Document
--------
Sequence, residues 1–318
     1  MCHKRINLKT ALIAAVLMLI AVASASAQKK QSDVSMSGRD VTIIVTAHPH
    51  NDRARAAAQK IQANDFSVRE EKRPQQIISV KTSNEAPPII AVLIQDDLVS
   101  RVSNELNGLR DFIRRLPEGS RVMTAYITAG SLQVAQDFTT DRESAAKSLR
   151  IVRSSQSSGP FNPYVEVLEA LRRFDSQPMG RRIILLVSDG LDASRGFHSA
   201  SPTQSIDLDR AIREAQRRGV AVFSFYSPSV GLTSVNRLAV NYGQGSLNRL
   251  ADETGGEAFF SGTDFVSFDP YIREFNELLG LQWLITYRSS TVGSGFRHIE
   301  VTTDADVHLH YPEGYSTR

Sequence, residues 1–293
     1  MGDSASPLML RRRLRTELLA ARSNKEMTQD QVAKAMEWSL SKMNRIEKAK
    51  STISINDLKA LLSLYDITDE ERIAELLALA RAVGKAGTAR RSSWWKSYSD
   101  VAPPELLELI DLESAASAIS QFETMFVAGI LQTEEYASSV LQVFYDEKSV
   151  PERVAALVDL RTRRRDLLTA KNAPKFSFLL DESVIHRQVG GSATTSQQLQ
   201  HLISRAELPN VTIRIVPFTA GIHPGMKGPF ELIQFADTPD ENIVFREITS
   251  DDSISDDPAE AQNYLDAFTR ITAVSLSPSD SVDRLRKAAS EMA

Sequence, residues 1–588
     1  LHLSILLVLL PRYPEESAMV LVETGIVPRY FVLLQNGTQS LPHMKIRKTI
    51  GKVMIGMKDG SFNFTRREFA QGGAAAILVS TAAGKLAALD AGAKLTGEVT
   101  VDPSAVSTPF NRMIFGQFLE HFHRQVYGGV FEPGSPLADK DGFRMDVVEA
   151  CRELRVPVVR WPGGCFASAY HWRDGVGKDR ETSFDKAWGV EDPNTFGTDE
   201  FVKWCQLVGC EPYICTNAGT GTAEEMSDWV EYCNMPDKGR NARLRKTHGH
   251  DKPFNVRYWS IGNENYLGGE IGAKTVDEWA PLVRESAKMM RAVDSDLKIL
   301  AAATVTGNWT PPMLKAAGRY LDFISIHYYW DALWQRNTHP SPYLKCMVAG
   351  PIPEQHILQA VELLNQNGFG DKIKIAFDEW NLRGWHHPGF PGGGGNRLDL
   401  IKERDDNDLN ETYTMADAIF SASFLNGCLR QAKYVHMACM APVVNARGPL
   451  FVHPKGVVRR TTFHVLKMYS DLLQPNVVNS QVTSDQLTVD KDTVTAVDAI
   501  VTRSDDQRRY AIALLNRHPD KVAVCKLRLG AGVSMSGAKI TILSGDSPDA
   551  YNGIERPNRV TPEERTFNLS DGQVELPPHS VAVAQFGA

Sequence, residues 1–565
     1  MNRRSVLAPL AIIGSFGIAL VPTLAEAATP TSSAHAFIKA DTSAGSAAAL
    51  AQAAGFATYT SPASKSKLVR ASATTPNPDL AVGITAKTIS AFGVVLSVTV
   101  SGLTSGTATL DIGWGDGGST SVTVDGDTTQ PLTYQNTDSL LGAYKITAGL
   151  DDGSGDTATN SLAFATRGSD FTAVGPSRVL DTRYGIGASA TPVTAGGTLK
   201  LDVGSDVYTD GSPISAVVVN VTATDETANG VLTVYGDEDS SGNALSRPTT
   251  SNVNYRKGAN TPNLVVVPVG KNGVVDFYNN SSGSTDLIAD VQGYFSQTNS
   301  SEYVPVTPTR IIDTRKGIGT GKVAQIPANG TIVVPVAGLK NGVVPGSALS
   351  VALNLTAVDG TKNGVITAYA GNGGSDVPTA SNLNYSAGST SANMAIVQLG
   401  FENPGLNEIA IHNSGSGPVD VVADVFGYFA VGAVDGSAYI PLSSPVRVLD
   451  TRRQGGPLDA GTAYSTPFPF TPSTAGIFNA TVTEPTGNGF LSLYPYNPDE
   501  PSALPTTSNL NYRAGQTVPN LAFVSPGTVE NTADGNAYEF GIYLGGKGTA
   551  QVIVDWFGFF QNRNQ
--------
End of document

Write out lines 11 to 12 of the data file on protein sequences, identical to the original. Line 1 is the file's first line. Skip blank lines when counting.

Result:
    51  STISINDLKA LLSLYDITDE ERIAELLALA RAVGKAGTAR RSSWWKSYSD
   101  VAPPELLELI DLESAASAIS QFETMFVAGI LQTEEYASSV LQVFYDEKSV